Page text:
How to make the new iPhone work at work

Apple's new SDK,3G handheld and iPhone 2.0 software should make it even easier to bring next-gen mobile to your enterprise. Here's what you need to know

With the release of Apple's iPhone SDK now come and gone, and the enhanced IT-oriented capabilities planned for the next major iPhone device and software update now unveiled, it's clear that iPhones are going to be corporate mainstays. Still, at its heart, the iPhone is a consumer device, so IT leaders still have to ensure that the iPhones that come in the door fit their data management and security strategies, even with Apple's new enterprise security capabilities.

So, where to begin gearing up the iPhone for use at work? How can you satisfy executive demands to make the iPhone fit for corporate essentials while maintaining security and manageability? For those looking to get a jump on business-enabling the iPhone, here's a handy guide on what's currently possible and how to get it done, as well as what is promised to be supported in the 2.0 software and 3G iPhone due in July. (Note that everything here applies to the iPhone's voiceless cousin, the iPod Touch with the January 2008 software update for the 1.x versions and the July 2008 2.0 update, which will cost US$10 for current iPod Touch users.)

Accessing corporate e-mail

IBM's promise of a Lotus Notes client for the iPhone remains unfulfilled. The iPhone 2.0 software update due in July will add a native Microsoft Exchange client, complete with ActiveSync. But in the meantime, if your business uses either system, you can provide e-mail access today via POP3 or IMAP, popular protocols that many businesses already support. In either case, the iPhone's Mail setup is where to begin configuring host addresses, user names, passwords, and SSL authentication.

A tip for Exchange setup in the current iPhone 1.x version: Even though the iPhone's current Mail setup includes an Exchange pane, don't use it. Use IMAP instead; the Exchange pane doesn't work. (Even Apple's support pages say to use the IMAP pane.)

Many businesses prefer IMAP to POP3 because IMAP provides greater control over message management, such as keeping the mail folders synchronized as mail is moved on any client. The iPhone will connect to the IMAP server and detect most settings automatically, making setup easy in most cases.

You can adjust the SSL settings, IMAP path prefix, server port, and other such settings by scrolling down to the Advanced portion of an individual mail account's setup area. Note that the iPhone's SSL options have been significantly enhanced from the first iteration's number-only token scheme.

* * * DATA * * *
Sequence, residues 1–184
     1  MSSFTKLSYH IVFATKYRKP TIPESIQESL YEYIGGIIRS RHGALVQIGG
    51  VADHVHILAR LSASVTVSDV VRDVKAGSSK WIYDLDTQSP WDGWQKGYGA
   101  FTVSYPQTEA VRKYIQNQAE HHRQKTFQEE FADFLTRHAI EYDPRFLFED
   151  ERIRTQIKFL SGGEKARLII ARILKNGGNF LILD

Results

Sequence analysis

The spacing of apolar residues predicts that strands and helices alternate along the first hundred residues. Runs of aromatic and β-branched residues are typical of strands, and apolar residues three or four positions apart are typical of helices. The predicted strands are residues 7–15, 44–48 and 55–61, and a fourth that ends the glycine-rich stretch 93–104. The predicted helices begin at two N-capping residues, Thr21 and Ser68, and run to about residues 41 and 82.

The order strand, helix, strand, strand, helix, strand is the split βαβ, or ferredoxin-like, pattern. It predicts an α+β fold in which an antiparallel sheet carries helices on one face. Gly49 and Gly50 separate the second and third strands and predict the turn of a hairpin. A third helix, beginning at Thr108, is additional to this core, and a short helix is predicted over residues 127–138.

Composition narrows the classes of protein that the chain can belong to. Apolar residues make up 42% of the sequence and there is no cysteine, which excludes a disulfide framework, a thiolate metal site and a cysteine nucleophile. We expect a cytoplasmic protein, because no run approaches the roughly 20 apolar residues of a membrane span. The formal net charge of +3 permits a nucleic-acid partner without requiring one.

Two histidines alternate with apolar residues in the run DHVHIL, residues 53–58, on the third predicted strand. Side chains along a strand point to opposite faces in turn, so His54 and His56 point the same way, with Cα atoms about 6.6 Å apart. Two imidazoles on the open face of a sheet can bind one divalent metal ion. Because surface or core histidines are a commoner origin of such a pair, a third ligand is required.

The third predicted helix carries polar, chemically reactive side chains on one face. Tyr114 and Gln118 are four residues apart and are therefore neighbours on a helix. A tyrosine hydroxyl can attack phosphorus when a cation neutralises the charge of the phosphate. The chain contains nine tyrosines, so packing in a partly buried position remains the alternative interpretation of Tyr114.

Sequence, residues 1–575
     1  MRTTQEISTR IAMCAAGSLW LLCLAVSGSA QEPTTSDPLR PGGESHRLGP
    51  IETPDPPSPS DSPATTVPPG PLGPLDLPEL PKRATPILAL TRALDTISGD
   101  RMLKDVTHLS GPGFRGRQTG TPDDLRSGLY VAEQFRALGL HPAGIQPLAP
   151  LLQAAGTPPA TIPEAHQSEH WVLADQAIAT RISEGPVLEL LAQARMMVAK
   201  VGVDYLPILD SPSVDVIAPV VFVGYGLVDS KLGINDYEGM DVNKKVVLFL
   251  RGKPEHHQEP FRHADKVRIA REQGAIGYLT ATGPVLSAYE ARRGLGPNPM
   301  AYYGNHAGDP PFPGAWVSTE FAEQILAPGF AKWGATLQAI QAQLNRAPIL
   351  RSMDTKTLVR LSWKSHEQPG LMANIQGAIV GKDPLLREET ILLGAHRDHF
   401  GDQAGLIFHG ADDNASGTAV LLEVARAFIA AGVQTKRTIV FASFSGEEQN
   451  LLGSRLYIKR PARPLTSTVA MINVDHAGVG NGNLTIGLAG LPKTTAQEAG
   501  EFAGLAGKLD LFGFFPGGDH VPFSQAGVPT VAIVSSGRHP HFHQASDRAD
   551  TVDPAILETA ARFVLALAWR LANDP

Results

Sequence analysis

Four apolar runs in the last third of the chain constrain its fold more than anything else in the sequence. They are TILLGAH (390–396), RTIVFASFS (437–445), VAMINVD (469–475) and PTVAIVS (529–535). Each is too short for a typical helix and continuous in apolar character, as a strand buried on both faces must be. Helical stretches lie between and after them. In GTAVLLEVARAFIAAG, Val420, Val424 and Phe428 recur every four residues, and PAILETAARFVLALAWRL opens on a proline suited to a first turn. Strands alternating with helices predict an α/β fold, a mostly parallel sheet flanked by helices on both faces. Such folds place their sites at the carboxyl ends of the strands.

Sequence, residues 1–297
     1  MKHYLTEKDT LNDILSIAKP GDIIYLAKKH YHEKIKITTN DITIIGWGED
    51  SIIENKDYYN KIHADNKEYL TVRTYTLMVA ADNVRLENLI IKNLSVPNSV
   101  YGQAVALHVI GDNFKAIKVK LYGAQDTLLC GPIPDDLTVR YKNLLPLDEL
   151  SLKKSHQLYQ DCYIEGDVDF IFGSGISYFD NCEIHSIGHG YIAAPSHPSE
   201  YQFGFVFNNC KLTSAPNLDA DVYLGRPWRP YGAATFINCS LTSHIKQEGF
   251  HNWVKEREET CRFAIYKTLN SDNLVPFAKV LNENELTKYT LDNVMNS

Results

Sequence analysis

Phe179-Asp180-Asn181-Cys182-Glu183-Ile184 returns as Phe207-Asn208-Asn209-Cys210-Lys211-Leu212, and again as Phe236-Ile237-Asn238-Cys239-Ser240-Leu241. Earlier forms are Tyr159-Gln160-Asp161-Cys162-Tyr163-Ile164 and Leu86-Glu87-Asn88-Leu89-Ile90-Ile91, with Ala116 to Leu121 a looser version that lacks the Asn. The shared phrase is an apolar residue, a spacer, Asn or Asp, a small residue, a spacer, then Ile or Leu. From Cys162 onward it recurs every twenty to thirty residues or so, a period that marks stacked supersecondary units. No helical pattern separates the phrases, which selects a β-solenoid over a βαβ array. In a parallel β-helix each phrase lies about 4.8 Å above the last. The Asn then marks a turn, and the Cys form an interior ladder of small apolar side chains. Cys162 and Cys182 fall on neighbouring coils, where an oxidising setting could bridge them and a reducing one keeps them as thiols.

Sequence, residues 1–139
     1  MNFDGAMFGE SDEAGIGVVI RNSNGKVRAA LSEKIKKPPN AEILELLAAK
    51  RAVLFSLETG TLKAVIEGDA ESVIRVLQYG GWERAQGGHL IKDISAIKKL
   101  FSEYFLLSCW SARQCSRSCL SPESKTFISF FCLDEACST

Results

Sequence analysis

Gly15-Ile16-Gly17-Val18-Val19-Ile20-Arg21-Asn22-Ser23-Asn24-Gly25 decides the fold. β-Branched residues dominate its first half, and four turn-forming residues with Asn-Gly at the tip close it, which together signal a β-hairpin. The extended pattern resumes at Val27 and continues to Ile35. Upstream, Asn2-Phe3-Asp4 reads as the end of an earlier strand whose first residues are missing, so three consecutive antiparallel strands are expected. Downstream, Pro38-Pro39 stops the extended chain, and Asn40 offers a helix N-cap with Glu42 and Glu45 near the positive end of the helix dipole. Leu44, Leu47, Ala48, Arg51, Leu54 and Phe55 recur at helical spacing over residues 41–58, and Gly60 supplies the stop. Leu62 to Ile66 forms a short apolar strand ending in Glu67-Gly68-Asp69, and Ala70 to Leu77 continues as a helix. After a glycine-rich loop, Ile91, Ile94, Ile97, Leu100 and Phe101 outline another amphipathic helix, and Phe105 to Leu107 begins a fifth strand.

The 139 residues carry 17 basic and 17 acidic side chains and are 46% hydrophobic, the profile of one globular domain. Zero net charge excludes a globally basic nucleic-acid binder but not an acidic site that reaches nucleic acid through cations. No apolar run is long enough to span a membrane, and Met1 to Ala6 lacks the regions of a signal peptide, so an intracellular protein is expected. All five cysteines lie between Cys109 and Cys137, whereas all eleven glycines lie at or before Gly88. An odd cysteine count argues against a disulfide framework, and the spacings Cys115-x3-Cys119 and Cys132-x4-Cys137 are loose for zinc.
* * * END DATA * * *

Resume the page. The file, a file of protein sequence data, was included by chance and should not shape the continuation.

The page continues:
What you can't do today with the iPhone -- out of the box, anyhow -- is get the BlackBerry's push-based approach to e-mail, in which the mail server sends messages to the device rather than requiring the device to query the server to gain access to new messages. This push-based approach makes it harder for someone to spoof the e-mail server. To push e-mail to an iPhone (or most other mobile devices) today, you need a mobile server, such as those from Visto and Synchonica; these integrate with your Exchange or Domino server.

But that will also change in July, when the iPhone 2.0 software includes Microsoft's Exchange ActiveSync technology. ActiveSync lets the iPhone use Microsoft's Direct-Push e-mail feature. (Windows Mobile and Palm OS devices use ActiveSync as well to gain this capability; Research in Motion has built in its own push e-mail technology into its BlackBerry Enterprise Server product.) With Direct-Push, the connection between the OWA (Outlook Web Access) server's mail port and the mobile device remains open so that new messages are instantly visible. (The iPhone does use OWA as its connection to Exchange, just as Microsoft's Entourage e-mail client does for the Mac OS.)

Until the new software ships, you'll have to live with the iPhone's periodic mail checks (15 minutes is the shortest period, though you can easily find SSH hacks on the Web to reduce that window.)

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